The two-time All-Star and 1959 gold glove winner had a .286 average, 1,089 hits, 170 home runs, and 733 RBIs in 1,039 games with the Red Sox. Despite all of his talent, Jensen had one major flaw, a fear of flying that caused him to retire for a season in 1960. He was not the same after he returned, even after working through his fear with the help of a hypnotist. The “Golden Boy” married Olympic springboard diver Zoe Ann Olsen in 1949, but his travel schedule and flying phobia strained the marriage, and they divorced after 14 years. Jensen suffered a heart attack and died in 1982.

3. Tony Conigliaro – He had so much potential before tragedy struck quite literally. Conigliaro hit at least 20 home runs in each of his first six seasons, including a league-high 32 in 1965. He made the All-Star team in 1967, but in a mid-August game, he was struck in the face by a pitch, which resulted in a cracked cheekbone, a dislocated jaw, and most importantly for his baseball career, a damaged retina.

After missing all of the 1968 season, Conigliaro returned to hit 20 homers the following year, then put together his best season in 1970, hitting .266 with 36 home runs and 116 RBIs. He was traded to the Angels but spent just one season in California before eye issues forced him to retire. He tried a comeback in 1975, but that lasted just 21 games when he retired for good after finding out his blind spot from the injury grew. With Boston, he had 790 hits, 162 home runs, and 501 RBIs in 802 games.

After his playing career, Conigliaro bounced around as a broadcaster for different teams and stations. He got a job as a color commentator with the Red Sox in 1982 but suffered a heart attack two days later. He suffered irreversible brain damage and lived in the care of his family until he passed away in 1990.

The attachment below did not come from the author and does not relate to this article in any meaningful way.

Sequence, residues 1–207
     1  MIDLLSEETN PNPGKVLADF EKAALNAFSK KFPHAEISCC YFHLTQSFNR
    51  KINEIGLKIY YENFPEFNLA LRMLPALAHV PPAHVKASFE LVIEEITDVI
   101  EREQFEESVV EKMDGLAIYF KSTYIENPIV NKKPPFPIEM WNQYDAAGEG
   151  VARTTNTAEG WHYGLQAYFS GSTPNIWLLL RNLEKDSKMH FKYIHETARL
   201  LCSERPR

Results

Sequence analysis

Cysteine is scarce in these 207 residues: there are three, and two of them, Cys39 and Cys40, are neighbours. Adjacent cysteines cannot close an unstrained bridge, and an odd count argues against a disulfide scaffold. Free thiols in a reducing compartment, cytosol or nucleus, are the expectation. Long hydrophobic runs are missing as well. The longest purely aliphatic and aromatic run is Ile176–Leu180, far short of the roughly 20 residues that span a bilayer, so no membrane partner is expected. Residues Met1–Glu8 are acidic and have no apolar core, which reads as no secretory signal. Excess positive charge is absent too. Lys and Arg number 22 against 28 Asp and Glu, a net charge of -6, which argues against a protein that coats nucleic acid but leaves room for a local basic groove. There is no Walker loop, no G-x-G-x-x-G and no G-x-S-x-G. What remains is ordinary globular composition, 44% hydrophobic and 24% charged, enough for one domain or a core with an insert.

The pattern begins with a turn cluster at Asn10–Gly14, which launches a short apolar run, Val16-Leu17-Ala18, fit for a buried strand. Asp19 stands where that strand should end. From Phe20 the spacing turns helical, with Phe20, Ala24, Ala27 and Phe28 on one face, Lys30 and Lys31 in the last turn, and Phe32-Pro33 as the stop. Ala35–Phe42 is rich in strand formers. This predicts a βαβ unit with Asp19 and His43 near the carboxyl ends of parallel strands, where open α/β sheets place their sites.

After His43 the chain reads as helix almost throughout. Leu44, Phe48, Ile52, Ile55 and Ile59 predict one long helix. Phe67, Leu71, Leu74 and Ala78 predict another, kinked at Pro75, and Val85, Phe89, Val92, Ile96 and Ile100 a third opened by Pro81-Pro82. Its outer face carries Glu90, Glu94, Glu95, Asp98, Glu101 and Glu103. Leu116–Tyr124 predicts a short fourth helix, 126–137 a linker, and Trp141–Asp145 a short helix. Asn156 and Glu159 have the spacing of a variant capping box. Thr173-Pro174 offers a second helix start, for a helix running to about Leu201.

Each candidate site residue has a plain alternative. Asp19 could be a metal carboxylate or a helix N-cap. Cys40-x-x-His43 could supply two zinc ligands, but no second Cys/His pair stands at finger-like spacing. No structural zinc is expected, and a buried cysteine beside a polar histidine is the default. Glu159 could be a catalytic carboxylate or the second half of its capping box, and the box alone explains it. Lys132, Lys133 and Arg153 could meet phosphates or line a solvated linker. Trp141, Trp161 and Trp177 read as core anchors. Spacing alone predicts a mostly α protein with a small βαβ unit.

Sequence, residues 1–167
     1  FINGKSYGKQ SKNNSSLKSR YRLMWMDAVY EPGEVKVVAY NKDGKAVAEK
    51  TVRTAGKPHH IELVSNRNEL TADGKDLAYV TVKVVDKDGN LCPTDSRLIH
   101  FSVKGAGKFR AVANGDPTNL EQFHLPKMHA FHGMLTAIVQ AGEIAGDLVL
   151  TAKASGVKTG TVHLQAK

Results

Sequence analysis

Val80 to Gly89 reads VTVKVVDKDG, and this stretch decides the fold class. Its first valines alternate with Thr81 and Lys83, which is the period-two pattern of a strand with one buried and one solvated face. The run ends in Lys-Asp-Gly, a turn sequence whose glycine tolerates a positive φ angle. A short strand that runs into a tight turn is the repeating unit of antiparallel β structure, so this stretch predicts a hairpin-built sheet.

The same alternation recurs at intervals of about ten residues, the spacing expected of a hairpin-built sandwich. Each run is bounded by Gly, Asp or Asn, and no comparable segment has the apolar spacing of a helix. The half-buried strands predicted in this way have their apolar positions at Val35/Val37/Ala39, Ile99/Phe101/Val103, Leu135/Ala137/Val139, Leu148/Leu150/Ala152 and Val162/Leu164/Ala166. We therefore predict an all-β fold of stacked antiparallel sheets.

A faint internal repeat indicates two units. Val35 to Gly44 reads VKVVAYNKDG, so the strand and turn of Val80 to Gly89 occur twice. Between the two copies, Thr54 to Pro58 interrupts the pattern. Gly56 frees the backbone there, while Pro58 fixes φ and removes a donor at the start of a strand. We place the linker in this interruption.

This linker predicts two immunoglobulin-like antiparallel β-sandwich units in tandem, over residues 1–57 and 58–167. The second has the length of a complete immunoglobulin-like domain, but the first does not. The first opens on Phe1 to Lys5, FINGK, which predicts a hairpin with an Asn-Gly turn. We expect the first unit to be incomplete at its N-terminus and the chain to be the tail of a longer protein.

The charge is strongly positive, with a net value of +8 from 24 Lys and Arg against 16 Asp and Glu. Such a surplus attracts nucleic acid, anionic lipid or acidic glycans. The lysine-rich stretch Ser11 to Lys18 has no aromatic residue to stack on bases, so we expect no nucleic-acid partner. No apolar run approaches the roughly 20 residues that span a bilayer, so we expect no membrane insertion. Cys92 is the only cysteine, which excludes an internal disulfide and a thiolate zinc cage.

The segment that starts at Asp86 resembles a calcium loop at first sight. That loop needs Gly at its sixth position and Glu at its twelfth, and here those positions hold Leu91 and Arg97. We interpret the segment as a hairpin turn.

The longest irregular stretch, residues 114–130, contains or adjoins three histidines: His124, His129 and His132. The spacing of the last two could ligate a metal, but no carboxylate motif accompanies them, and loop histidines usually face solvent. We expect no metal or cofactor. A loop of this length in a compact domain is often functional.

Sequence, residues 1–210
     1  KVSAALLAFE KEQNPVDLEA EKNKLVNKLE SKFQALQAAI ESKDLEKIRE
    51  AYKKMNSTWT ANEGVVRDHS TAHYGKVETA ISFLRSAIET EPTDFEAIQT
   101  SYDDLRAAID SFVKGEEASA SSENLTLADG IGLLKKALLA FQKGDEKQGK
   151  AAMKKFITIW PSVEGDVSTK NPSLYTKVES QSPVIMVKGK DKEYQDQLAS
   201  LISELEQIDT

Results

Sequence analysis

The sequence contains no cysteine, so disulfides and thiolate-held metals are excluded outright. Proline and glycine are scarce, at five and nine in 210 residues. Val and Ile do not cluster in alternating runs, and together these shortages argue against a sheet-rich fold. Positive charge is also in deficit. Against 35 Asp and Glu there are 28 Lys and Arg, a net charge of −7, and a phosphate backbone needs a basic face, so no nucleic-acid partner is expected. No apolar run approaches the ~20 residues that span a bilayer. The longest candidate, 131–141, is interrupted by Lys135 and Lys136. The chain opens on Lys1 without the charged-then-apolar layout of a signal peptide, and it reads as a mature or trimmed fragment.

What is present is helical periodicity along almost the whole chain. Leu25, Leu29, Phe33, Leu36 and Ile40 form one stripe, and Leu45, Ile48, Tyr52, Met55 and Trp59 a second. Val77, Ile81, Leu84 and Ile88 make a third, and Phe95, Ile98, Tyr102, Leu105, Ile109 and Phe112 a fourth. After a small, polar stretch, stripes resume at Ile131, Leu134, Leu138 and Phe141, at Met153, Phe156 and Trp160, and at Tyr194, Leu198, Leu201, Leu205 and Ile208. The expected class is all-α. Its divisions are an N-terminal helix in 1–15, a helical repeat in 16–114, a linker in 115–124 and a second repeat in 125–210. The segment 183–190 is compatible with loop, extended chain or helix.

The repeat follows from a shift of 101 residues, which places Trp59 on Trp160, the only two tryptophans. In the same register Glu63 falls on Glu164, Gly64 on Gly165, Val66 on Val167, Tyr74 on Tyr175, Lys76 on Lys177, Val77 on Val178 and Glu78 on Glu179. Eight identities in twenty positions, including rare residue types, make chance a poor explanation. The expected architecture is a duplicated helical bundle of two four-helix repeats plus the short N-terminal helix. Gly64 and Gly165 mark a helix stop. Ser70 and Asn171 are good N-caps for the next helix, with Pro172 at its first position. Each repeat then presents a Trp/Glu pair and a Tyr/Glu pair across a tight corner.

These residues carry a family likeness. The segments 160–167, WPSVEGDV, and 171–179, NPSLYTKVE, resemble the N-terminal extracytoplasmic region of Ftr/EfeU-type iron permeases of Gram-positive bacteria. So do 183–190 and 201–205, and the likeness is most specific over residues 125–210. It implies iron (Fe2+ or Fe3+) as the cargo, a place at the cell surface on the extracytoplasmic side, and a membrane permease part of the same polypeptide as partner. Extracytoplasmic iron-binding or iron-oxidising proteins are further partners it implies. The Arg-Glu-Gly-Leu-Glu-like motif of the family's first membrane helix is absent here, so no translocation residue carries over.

2. Harry Hooper – He was an ideal leadoff hitter, a solid fielder with a great arm and an early labor negotiator. Hooper played 12 seasons with the Red Sox and, although he never led the league in any statistical category, he was a steady performer, hitting .281 with a .362 on-base percentage. He is Boston’s all-time franchise leader in triples (130) and stolen bases (300), and he ranks seventh in games (1,647) and ninth in both runs scored (988) and hits (1,707).

The four-time champion was at his best in big games. Trailing 1-0 in Game 7 of the 1912 World Series, Hooper made a leaping bare-handed catch over the wall at Fenway Park, and the Red Sox came back to win the game and the series in 10 innings. In 1915, he hit two home runs in the deciding game against the Phillies. Three years later, American League President Ban Johnson and the National Commission decided to cut player shares in the gate receipts before the World Series. Hooper was Boston’s player representative to speak with the Commission and he led the refusal to take the field after the members refused to speak with the players.

The Commission caved, but the winning Red Sox players would not get their emblems (they got lapel pins instead of rings back then). Hooper was shipped to the White Sox after 1920, the latest in a long line of Red Sox stars who were moved to bring in cash for owner Harry Frazee’s theater. Hooper was inducted into the Baseball Hall of Fame in 1971.